“How can I prevent asparagus beetles from attacking and how can I get rid of them?” Question from Carol of Drums, Pennsylvania
Answer: There are several cultural things that you can do to manage asparagus beetles. There are two types with similar habits and damage, the black and white adult common asparagus beetle (Crioceris asparagi) and orangish-red spotted asparagus beetle (Crioceris duodecimpunctata). First, it is important to understand their life cycles.
Asparagus Beetle Life Cycle
In early to mid-spring, as spears break ground, adult asparagus beetles emerge from sheltered areas along the ground and in trees.
The beetles mate and the females lay spare rows of dark brown, oval-shaped eggs on spears of asparagus plants.
Beetle eggs hatch in around a week and the small, translucent larvae start chewing on spears and foliage.
The larvae feed for around two weeks before pupating in the soil below the plants.
Pupation takes just a week, then the new adults emerge to start a new cycle. Cycles can last all season long.
Asparagus Beetle Damage
When adult beetles feed on spears, the spears turn brownish-green and the tips bend and look hook-like. Scarring will occur along the asparagus spears from larval chewing. The larvae and adults will continue to feed on the foliage all season long, weakening the plants and increasing beetle populations. The damage also weakens an asparagus plant’s immunity, making it more susceptible to fungal disease.
Managing Asparagus Beetles
Good timing and dedication are needed to remove these pests from your garden. Here are the removal steps that I recommend.
Look for eggs and beetles early in the season and daily as soon as the spears start to emerge and during harvest season.
Scrape off and smash the eggs, and pick off the larvae and adults and place drown them in a dish of soapy water.
Time your pest search well. Asparagus beetles are most active in warm, afternoon weather, while the best time to look for new eggs is in the morning.
Large asparagus beetle populations might need the addition of a pesticide. Neem oil is approved for organic gardening and has been shown to be effective on plants for several days.
Finally, harvest spears as soon as you can and snap them all the way to the ground to keep beetle food sources down.
“What kind of fertilizer should I use in my asparagus patch? What can I use to control the weeds in my patch?” Question from Linda of New Providence, Iowa
Answer: Asparagus is one of those spring vegetables that I think everyone should grow if they have the garden space. It’s so easy and so delicious. Here are some tips for easy weeding and care.
Asparagus Weed Control
When it comes to weed control, I always started by placing a wide cage around each asparagus clump to keep them upright through summer for easy weeding below. Staking and tying are two other options. Any caging or staking system will keep the rows looking good and make them more accessible for weeding. Then I add a layer of newspaper, wetted thin cardboard, or burlap mulch cloth along the sides of the asparagus rows and top it off with a thick layer of seed-free straw, leaf mulch, or grass clippings (sometimes all three). This step makes harvest less muddy, especially in moist springs, and keeps surrounding weeds down. Finally, I hand weed around my emerging spears. The use of a garden knife, or Hori Hori, will allow for effective precision weeding among clumps. If you don’t have a garden knife, it’s a good investment. Just be sure to keep Hori Horis out of reach from children because they are very sharp. I also recommend wearing strong gloves when working with one.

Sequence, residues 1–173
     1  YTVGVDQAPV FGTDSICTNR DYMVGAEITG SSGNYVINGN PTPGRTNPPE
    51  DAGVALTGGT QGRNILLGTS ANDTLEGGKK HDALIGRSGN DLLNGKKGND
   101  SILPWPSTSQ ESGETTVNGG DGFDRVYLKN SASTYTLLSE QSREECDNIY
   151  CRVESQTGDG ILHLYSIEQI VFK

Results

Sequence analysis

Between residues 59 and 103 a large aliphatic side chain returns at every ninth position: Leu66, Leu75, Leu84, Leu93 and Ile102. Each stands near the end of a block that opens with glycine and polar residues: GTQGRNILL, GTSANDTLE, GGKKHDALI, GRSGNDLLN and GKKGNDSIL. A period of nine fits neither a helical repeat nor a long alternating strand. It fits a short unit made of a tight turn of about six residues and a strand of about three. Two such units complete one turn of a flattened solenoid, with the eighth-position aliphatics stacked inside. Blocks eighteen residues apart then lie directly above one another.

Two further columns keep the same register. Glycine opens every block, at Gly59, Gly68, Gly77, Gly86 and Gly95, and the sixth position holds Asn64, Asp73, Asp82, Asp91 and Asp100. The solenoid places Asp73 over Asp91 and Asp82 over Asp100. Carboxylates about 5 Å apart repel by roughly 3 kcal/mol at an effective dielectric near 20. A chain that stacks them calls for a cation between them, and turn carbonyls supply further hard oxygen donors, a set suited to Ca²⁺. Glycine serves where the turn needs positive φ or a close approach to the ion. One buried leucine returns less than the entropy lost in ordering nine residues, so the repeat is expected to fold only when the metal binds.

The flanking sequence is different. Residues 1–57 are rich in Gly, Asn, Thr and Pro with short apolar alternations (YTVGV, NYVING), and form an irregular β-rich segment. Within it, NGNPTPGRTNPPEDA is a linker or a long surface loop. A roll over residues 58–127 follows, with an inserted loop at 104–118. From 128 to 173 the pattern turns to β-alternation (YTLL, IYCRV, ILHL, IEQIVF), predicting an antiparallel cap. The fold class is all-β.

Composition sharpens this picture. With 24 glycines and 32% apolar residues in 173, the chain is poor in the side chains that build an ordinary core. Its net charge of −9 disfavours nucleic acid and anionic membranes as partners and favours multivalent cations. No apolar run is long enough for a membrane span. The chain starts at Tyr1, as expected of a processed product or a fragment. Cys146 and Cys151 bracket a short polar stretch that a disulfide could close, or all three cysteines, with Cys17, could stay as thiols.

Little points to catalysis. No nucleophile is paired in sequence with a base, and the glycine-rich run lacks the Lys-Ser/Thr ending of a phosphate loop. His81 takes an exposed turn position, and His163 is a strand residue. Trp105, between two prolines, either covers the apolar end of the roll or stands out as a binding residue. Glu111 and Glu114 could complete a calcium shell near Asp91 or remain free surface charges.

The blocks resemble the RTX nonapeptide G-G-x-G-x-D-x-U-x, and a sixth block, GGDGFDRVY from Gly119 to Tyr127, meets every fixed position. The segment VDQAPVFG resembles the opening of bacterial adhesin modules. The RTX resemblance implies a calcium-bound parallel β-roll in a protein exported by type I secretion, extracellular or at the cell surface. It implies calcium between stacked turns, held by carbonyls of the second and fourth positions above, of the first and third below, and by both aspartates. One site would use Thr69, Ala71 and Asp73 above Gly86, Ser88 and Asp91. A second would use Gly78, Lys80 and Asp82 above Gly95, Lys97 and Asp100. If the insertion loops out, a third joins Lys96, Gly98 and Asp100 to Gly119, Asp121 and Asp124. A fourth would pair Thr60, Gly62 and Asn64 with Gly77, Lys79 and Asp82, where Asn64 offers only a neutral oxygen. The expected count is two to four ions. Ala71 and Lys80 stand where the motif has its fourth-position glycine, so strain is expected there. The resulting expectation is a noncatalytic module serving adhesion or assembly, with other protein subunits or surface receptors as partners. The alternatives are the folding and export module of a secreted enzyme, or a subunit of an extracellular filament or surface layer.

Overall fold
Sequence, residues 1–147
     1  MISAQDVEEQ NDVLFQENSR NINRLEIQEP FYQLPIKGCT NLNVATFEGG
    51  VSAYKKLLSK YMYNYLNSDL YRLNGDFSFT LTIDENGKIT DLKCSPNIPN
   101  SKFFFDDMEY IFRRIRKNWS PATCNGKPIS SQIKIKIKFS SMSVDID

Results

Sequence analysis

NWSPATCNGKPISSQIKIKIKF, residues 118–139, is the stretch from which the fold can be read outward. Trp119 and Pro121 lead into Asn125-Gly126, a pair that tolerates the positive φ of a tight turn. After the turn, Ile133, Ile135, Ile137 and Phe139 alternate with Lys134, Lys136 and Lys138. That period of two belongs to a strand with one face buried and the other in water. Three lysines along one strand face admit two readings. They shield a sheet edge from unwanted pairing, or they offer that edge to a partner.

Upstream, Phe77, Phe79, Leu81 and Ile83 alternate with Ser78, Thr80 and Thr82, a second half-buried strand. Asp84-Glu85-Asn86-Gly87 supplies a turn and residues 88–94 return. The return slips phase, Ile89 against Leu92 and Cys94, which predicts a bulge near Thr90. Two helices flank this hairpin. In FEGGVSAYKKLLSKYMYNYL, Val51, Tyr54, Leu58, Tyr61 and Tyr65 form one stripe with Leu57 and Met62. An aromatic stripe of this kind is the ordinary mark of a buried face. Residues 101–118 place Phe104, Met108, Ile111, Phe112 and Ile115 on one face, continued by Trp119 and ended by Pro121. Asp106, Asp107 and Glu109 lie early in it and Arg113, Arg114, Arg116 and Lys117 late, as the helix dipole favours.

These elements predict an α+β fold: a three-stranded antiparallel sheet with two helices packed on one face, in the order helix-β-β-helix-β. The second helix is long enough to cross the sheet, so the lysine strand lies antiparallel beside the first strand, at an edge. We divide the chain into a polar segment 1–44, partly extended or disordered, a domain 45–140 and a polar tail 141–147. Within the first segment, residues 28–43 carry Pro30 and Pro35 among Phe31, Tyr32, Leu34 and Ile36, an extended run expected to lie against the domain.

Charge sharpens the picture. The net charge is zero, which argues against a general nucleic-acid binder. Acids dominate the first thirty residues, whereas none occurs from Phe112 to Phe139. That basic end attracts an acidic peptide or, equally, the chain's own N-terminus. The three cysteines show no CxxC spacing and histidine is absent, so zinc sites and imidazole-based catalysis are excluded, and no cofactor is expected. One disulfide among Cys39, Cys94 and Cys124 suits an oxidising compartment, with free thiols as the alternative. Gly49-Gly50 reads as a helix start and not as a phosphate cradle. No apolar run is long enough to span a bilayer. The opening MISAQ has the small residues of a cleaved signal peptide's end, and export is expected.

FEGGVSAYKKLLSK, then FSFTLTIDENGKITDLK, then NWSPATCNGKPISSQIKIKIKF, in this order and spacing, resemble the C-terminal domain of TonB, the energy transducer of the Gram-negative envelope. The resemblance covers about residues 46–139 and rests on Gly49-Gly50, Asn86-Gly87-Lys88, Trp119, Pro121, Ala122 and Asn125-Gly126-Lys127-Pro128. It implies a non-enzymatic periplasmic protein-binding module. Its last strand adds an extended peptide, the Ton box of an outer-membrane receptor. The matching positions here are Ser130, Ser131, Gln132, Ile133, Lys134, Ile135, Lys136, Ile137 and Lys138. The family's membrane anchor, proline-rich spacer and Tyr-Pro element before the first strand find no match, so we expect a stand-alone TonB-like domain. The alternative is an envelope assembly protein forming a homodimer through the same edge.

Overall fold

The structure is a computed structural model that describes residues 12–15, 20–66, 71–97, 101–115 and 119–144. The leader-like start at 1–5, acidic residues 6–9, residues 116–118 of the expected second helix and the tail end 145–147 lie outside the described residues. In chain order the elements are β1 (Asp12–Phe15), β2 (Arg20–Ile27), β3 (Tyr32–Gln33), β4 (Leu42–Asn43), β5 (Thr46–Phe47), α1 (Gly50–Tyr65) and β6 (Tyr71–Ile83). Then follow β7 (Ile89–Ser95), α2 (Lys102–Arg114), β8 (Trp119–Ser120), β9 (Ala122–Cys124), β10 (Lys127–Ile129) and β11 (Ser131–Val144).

When it comes to fertilization, asparagus plants prefer balanced, low-nitrogen fertilizers (5-10-10), according to Stark Brothers, a good source for asparagus. I always used OMRI Listed fertilizer formulated for vegetables, which always worked well for me. I also like to occasionally add a layer of Black Gold Garden Compost Blend around the crown to act as a mulch and provide added organic matter.
“I’m looking for asparagus that will grow in USDA Hardiness Zone 10b.” Question from Lori of Venice, Florida
Answer: Asparagus generally survives in USDA Hardiness Zones 3-8 and requires a winter dormancy period to successfully grow and produce spears. In northern regions, plants can produce for up to 30 years, but they don’t tend to fare well down south where winters are warmer.
With that said, some varieties will produce spears in Central Florida, but they generally stay productive for just three to five years. One of the best of these varieties is the California-bred ‘UC-157’. (Click here for a good source.) This is the asparagus that you want to grow in your part of the world. To get special planting instructions for Central-Florida gardeners, visit the University of Florida’s page on the subject (click here to view).
Asparagus is one of those foods that when barbecued needs little flavor enhancement because the natural flavors are so incredible on their own. It tastes even better then freshly picked from the garden in spring.
For an easy and healthy vegetarian/vegan side dish for your barbecue, try this easy recipe for grilled spring asparagus.
1 pound fresh asparagus
1 tbsp olive oil
2 cloves minced garlic
The zest and juice from 1 lemon
1/2 tsp salt
1/4 tsp freshly ground pepper
grated Parmesan cheese to taste
Toss together all ingredients, making sure asparagus is well coated with garlic, salt, olive oil, lemon juice, and pepper.
Place on the grill and allow to cook for at least 5- 7 minutes, turning occasionally. The asparagus should be bright green and still have some bite.
Once off of the grill, sprinkle the grilled asparagus with lemon zest and Parmesan cheese. This flavorful vegetable also tastes great over pasta with chopped fresh tomatoes a drizzle of extra-virgin olive oil.